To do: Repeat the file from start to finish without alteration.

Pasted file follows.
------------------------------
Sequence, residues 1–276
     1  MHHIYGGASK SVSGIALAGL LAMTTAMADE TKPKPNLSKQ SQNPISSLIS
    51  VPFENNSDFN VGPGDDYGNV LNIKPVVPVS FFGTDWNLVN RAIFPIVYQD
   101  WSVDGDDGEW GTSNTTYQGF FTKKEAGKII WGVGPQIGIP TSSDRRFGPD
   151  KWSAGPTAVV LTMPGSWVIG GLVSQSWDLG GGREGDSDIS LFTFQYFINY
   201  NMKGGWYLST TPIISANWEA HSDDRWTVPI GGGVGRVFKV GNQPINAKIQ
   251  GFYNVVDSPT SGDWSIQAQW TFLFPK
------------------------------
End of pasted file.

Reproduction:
Sequence, residues 1–276
     1  MHHIYGGASK SVSGIALAGL LAMTTAMADE TKPKPNLSKQ SQNPISSLIS
    51  VPFENNSDFN VGPGDDYGNV LNIKPVVPVS FFGTDWNLVN RAIFPIVYQD
   101  WSVDGDDGEW GTSNTTYQGF FTKKEAGKII WGVGPQIGIP TSSDRRFGPD
   151  KWSAGPTAVV LTMPGSWVIG GLVSQSWDLG GGREGDSDIS LFTFQYFINY
   201  NMKGGWYLST TPIISANWEA HSDDRWTVPI GGGVGRVFKV GNQPINAKIQ
   251  GFYNVVDSPT SGDWSIQAQW TFLFPK